CIG both responded to Crytek’s lawsuit and published the Game License Agreement they signed with Crytek in order to diminish and lessen the impact of the lawsuit that was filed against Cloud Imperium Games and Roberts Space Industries regarding Star Citizen.
Reddit user Liudeius posted up links to Cloud Imperium Game’s rebuttal, along with the full GLA signed between Crytek and CIG. You can view the GLA document over on Google Drive. CIG’s response is also available over on Google Drive.
The one thing most news sites are reporting on is that CIG has made it known that in Crytek’s original claims, they never provided the Game License Agreement so the courts could view it for themselves. Not only did CIG provide the GLA but also went through each section to point out where they did not breach the contract.
As pointed out in the contract and CIG’s rebuttal, they had permission to make two games based on CryEngine, Star Citizen and Squadron 42. They also highlight how nothing in the agreement restricts them exclusively to the CryEngine – they later had to switch over Amazon’s Lumberyard, which is based on the CryEngine in order to make use of the networking properties to build out the infrastructure for the MMO components.
In the rebuttal from CIG, they state that the courts should dismiss the case because it’s “immaterial”, “impertinent” and “scandalous. The summary reads…
The Court should strike the Offending Allegations (the statements in bold italics above) on the grounds that they are “immaterial,” “impertinent” and “scandalous” within the meaning of Federal Rule 12(f). The Offending Allegations are “immaterial” because they have “no essential or important relationship” to Crytek’s claim for breach of the GLA or infringement of the Engine. See Fantasy, 984 F.2d at 1527. Similarly, the statements are “impertinent” because they do not pertain, and are not necessary to, any of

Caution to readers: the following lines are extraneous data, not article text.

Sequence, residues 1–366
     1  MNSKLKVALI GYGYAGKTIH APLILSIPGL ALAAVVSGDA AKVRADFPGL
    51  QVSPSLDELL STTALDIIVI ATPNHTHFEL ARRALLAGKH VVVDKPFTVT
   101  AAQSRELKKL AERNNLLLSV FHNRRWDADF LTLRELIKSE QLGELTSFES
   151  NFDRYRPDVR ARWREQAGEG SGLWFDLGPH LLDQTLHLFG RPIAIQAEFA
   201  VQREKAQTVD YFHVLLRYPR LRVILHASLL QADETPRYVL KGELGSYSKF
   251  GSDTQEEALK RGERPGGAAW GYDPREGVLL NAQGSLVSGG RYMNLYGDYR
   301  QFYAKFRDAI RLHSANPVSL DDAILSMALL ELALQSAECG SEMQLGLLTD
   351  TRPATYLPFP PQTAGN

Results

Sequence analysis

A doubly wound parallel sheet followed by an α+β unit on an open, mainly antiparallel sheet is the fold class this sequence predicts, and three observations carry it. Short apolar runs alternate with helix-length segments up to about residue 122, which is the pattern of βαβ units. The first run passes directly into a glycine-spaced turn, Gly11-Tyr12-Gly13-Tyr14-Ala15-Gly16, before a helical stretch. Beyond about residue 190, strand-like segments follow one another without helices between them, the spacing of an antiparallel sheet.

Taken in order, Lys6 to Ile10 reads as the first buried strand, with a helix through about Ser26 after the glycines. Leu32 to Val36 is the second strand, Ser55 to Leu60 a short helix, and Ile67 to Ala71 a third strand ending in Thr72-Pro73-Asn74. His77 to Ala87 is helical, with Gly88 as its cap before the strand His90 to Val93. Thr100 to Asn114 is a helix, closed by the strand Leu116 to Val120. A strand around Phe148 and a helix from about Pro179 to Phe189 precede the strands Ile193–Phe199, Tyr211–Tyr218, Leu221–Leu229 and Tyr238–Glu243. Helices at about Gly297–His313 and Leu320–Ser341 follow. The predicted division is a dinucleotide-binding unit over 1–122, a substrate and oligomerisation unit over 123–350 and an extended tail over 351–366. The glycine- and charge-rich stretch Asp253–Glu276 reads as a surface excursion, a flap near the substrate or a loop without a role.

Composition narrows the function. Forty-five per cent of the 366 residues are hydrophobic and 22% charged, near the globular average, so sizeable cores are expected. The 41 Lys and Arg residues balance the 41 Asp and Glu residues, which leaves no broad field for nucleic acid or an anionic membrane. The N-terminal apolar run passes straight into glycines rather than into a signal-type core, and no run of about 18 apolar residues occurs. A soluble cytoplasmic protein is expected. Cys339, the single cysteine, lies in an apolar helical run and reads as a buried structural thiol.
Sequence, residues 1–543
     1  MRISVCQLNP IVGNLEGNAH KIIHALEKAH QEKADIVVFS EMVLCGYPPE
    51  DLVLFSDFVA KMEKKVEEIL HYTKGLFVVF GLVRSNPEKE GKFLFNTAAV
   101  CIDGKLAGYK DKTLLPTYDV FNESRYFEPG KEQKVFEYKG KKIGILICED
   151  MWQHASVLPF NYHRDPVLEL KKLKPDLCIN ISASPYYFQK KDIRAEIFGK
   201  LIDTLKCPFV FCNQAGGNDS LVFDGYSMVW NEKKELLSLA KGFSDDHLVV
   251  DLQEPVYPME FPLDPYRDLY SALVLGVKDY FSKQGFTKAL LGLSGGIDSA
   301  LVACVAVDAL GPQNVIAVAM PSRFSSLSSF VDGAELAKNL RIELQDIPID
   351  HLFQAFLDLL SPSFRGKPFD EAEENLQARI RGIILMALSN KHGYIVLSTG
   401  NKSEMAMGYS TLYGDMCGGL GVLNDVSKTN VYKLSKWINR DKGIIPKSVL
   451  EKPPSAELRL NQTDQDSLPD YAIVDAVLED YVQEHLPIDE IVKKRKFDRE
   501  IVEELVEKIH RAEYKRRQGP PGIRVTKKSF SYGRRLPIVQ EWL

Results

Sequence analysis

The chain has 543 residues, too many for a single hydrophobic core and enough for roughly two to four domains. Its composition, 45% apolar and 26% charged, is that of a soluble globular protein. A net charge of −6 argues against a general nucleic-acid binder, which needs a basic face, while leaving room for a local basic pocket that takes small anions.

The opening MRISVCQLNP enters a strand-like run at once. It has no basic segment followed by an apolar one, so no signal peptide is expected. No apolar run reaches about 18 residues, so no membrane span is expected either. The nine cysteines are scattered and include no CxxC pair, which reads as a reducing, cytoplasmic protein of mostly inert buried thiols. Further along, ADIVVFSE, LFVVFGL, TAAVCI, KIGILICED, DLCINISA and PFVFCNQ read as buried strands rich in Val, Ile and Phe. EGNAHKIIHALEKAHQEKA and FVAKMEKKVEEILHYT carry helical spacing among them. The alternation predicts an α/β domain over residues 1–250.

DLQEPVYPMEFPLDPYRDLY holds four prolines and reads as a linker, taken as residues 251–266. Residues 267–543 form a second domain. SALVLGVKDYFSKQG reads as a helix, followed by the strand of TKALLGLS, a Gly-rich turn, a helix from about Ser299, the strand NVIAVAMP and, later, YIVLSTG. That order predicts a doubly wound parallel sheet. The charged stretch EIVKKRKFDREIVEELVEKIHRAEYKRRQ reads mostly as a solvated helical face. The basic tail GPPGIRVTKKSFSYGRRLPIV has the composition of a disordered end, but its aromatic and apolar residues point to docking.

the issues raised by Crytek’s claims for breach of contract or copyright infringement. Id. Finally, the statements are “scandalous” because they “cast a cruelly derogatory light” on Mr. Freyermuth (a co-founder of CIG) and Mr. Jones (an employee of CIG) without any justification.”
There are a few areas where CIG doesn’t necessarily have an answer for a few of Crytek’s claims, such as the one about Bugsmashers exposing Crytek’s source code to the public, or CIG sharing CryEngine source code with FaceWare.
In fact, the rebuttal doesn’t even mention FaceWare, which could mean that maybe they don’t have an answer because it’s true? Otherwise, they could have said that the only code they shared with FaceWare was based on Lumberyard and not the CryEngine version they signed a license for. The Bugsmashers element is a little more into the weeds, but the intent of the Bugsmashers program is to show backers how they’re crushing bugs in real-time to let the community know what’s being fixed and how.
Roberts Space Industries might have to end up making Bugsmashers unlisted and only share the links in a backers-only thread as a compromise, but I doubt it’ll be too much of a problem.
It will be interesting to see how Crytek responds to Cloud Imperium Games’ statements.